Wednesday, October 8, 2014

Microreview [book]: City of Stairs by Robert Jackson Bennett

Shattering conventions.

I once said that the hardest reviews to write are of the books you love the most. But I was wrong--the hardest reviews to write are of the books that feel the most important. And Robert Jackson Bennett's genre-busting novel City of Stairs is a must-read for anyone who cares about fantasy fiction. Why? Because fantasy is, far more than its cousin science fiction, slave to its conventions; few works genuinely challenge those conventions as dramatically or effectively as City of Stairs. And for that alone, you should read this novel.

But it also happens to be a really good story. City of Stairs takes place in the city of Bulikov, which was once the capital of "the Continent," a large landmass made up of multiple, vaguely Slavic societies, who at one point united to conquer the known world. They were able to do so because the gods (or "Divinities") favored them and empowered them with powerful, reality-bending magics. Until, that is, the day when a leader--called the Kaj--rose from the subjegated, vaguely South Asian Saypuri. With a terrible (and largely unexplained weapon), the Kaj and his army killed the Divinities, which instantly destroyed everything that depended upon their magic (include the actual buildings people lived and worked in). Vast destruction followed. Now the Saypuri have subjugated the Continent, maintaining Their hegemony through technological superiority and the banning of both magical artifacts and open discussion of the Continent's magical past.

City of Stairs centers, superficially at least, on the murder of Efrem Pangyui, a Saypuri scholar engaging in research on the Continent's magical past--the exact thing Continentals cannot do themselves. Enter Shara Thivani, a Saypuri agent and friend of the murdered Pangyui, who is determined to find his killers. She is joined by Sigrud, a massive Dreyling who acts as her muscle and advisor--think Sigurd/Siegfriend mixed with Beowulf, but updated for the video game set. We learn that resentment of Saypuri repression runs deep, and that a committed group of Continentals are ready to use violence in order to restore the Continent to its former glory. But that's not all they find...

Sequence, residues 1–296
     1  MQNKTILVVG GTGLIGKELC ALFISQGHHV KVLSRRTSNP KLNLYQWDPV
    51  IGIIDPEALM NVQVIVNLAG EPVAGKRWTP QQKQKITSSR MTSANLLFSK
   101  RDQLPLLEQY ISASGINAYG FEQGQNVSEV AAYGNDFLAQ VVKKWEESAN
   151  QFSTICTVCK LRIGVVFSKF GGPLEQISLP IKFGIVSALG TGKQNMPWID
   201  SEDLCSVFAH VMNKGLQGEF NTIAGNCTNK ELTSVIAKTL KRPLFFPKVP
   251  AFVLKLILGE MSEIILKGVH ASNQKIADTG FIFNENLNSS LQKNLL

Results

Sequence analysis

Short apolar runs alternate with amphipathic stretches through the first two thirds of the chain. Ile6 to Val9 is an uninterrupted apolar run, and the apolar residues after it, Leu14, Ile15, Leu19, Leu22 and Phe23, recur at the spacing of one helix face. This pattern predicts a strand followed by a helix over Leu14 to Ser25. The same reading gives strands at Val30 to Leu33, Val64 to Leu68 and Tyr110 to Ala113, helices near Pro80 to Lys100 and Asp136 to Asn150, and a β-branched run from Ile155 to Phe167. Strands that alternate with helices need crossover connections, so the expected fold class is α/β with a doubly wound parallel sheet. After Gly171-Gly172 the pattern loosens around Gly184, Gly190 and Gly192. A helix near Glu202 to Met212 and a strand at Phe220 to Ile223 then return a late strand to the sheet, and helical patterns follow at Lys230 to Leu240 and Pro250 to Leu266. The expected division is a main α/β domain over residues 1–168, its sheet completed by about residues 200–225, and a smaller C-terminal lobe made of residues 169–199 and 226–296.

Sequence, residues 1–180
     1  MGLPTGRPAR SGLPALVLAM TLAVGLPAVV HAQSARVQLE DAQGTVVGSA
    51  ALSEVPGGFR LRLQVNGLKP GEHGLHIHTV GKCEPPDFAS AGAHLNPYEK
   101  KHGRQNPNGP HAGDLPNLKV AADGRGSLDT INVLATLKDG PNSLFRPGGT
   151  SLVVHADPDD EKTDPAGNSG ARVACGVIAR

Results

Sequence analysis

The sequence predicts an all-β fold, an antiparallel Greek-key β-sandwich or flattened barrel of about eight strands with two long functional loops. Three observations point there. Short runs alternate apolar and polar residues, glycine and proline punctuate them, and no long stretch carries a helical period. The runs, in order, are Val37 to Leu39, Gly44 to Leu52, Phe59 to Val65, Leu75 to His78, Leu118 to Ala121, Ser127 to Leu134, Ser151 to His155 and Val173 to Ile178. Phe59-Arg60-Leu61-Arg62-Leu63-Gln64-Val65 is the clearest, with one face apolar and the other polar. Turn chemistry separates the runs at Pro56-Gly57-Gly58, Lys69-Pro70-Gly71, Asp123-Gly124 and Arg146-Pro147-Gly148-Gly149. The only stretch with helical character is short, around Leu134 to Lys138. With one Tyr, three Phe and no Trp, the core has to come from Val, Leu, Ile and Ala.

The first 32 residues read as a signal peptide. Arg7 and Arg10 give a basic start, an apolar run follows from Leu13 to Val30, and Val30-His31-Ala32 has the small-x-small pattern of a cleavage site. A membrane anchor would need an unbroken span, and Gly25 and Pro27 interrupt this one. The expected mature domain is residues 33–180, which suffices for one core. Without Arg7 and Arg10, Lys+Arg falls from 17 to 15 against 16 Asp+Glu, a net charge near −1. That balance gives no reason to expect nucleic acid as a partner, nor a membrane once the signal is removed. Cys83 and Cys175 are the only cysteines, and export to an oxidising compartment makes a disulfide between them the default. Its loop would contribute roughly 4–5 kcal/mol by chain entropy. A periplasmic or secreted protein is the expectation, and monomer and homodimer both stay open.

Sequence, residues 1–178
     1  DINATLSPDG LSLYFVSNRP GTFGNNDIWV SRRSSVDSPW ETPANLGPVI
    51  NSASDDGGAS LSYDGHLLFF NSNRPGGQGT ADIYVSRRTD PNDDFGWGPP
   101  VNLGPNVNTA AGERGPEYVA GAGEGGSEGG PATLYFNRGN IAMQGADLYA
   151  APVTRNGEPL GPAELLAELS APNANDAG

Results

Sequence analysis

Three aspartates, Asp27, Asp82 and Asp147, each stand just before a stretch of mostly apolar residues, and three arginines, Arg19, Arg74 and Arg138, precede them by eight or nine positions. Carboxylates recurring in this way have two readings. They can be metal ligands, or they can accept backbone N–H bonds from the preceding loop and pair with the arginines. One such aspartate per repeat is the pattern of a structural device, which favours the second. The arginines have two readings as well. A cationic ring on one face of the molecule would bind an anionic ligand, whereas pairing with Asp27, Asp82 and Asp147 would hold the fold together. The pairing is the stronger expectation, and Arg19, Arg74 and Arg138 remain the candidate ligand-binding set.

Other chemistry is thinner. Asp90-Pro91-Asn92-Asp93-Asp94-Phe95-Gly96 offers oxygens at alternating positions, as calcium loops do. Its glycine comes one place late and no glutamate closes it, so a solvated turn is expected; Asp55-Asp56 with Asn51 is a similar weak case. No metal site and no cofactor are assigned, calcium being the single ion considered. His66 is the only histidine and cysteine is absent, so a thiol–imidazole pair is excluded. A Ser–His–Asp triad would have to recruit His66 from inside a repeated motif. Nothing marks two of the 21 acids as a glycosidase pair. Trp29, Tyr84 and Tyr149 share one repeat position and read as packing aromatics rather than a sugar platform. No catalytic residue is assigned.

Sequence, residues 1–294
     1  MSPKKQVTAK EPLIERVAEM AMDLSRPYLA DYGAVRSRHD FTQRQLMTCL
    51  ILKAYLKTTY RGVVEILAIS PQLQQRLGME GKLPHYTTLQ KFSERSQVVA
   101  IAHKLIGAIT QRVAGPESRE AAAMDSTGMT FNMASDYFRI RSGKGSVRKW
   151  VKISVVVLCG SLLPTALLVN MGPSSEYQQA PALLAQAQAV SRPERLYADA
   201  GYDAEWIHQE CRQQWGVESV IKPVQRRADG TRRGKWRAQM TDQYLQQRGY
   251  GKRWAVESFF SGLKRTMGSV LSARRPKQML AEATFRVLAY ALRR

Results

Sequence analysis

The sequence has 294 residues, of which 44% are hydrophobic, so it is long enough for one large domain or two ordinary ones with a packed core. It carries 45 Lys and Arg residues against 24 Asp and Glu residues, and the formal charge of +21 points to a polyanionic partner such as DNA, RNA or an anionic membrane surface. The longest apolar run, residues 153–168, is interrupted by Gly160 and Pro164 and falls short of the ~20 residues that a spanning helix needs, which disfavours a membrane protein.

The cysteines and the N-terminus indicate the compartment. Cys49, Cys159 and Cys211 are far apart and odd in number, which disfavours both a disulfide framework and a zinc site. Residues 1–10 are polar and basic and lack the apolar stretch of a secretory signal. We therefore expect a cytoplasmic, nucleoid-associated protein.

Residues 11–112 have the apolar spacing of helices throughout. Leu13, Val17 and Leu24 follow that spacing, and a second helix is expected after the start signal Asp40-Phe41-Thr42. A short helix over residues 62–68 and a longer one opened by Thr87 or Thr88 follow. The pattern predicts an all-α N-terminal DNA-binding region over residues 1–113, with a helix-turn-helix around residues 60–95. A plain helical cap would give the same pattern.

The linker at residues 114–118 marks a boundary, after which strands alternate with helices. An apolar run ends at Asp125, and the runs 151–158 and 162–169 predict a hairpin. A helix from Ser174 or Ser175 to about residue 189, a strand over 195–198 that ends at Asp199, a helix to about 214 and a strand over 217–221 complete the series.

City of Stairs covers the basics of genre storytelling effectively. The plot is fast-paced and engrossing, the characters deep and well-rounded and there's a good mix of investigation, action and contemplation. The narrative structure is complex but not gimmicky, with Bennett weaving Shara's and Sigrud's backstories, as well as the political history of Continent and Saypur, into the foregrounded mystery without infodumping (i.e. the bane of my literary existence). And genre readers will delight in Sigrud, who may be a millennia-old trope, but somehow manages to feel fresh and exciting. The scene where he fights the sea monster is Simply put, City of Stairs is on one level a fun book that can appeal to a broad cross-section of fantasy readers. But it's much, much more than that.

Fantasy is, like the romance novel or police procedural, a fundamentally conventional genre, with all its attendant sub-genres defined by laundry-lists of expected ways of doing things. And if something unconventional comes around, given that it's sufficiently popular, it simply spawns a new convention. So it's unexpected and delightful to read a novel that simply refuses to be categorized: it's epic but not medieval, so it's not epic fantasy; there are cars but no guns, so it's not flintlock fantasy; there are dirigibles but no Victorianisms, so it's not steampunk; it takes place in one city but in a second world, so it's not urban fantasy; etc. Instead it's a world where magic and technology coexist, where technologies from various historical time-periods coexist, where architecture is central to the story being told and where no place or people is based off of English or Anglophone archetypes.